The app, developed by WorkSimple, rewards hard workers with "a series of colorful badges."
According to the release, the app, called Praise, is "designed for high engagement by being a lightweight and colorful way to quickly add positive performance feedback."
That sentence is as indecipherable as the assembly instructions for an Ikea bookshelf, but who cares? The company claims 65 percent of Americans received no recognition in the workplace last year. What better way to solve that problem than to create an electronic tool for delivering praise that is impersonal and valueless.
On to your questions:
Q: How can office colleagues be gently told that their voices and guffaws are too loud when on the phone?
— from Ken, via email
A: This is a problem that … excuse me … THIS IS A PROBLEM THAT MANY OF US DEAL WITH, KEN.
Virtually every office comes with at least one person who believes words can be propelled through the phone line only by launching them with as much volume as possible. This is not only annoying but also wildly distracting to those of us sitting quietly at our desks playing "Angry Birds."
I consulted some audiologists to figure out why high-volume phone talkers seem so oblivious to their disruptive habit. The short answer is: They don't exactly know.
"Sometimes we'll raise the level of our voice to be compatible with the other person, basically in response to the other person we're talking to," said Paul Farrell, associate director of audiology professional practices at the American Speech-Language-Hearing Association. "Sometimes it's a cultural thing depending on a person's background and family. And it could involve some kind of hearing loss, though that's likely rare."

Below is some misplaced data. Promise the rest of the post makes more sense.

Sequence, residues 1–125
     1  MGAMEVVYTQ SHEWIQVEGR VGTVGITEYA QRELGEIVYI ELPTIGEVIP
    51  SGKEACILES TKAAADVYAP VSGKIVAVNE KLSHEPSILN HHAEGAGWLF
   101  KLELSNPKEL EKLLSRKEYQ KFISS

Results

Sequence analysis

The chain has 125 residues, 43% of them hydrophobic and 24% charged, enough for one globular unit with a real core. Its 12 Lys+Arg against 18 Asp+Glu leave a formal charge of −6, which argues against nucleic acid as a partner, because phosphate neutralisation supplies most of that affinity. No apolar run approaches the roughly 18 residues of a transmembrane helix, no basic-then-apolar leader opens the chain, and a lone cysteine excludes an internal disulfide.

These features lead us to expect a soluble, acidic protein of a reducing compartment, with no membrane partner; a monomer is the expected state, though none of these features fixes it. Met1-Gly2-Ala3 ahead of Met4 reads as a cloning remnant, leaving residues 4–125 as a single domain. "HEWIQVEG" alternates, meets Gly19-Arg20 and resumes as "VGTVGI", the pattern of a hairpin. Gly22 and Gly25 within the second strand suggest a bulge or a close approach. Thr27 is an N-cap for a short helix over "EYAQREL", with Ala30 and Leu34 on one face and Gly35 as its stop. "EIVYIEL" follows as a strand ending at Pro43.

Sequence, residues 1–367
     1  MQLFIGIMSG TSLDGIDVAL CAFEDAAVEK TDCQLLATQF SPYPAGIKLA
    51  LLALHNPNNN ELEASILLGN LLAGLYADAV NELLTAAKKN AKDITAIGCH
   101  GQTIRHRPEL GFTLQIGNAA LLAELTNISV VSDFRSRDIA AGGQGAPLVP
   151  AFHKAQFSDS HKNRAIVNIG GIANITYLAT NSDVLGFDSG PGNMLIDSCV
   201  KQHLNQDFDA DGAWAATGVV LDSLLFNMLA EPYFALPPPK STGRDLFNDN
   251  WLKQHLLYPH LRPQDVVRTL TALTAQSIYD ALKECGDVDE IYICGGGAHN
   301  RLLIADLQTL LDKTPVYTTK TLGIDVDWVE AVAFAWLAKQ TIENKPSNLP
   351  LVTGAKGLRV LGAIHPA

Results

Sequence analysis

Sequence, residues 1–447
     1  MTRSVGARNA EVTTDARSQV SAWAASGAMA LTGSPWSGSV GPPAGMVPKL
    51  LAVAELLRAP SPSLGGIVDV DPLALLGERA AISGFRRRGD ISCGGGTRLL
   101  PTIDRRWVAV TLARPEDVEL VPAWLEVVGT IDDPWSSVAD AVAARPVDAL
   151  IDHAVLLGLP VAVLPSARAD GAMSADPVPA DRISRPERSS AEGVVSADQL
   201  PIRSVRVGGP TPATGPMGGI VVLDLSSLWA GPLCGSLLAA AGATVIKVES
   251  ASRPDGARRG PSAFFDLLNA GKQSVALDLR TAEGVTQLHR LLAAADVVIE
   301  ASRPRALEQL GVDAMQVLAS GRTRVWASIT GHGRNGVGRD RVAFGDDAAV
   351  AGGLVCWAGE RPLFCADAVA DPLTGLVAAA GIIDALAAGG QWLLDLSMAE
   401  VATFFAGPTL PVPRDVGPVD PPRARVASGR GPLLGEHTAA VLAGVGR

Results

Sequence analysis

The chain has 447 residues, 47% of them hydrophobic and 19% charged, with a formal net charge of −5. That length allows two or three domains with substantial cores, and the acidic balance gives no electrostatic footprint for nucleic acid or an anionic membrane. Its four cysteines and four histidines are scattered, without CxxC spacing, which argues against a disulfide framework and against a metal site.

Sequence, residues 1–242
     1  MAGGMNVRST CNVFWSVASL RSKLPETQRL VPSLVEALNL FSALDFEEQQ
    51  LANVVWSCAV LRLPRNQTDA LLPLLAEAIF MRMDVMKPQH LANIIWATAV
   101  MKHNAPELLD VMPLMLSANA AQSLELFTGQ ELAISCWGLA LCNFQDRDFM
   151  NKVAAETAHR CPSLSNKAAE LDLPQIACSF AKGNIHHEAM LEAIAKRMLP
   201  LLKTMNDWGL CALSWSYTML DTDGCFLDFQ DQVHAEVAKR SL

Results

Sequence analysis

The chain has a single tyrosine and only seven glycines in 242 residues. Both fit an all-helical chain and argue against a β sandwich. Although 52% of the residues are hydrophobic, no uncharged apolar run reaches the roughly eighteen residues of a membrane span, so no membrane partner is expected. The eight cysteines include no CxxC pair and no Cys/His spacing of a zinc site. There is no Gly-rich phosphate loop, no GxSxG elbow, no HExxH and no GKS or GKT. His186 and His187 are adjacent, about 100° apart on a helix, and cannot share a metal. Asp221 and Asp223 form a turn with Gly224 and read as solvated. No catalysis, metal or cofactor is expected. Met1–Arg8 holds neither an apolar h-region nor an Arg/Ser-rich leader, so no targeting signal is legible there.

Farrell said people tend to speak louder on cellphones than land lines. That's because on a land line you can hear your voice through the receiver, while on cellphones you generally can't.
"In many cases with cellphones, we don't have that auditory feedback like we do on a land line, and it's hard for us to gauge how loudly we're talking," Farrell said.
Craig Kasper, chief audiology officer for Audio Help Hearing Centers in New York, said humans are driven to speak at a volume that ensures they will be heard.
"If you're in a loud work environment, there's a certain level of ambient noise," he said. "People tend to talk louder so they can better monitor themselves. When you're speaking, it's not just about what the other person's hearing."
That's fine, unless the setting is a reasonably quiet office and the booming phone voice is disrupting everyone else.
Farrell and Kasper first suggested noise-canceling headphones as a quick and easy solution for those bothered by loud talkers.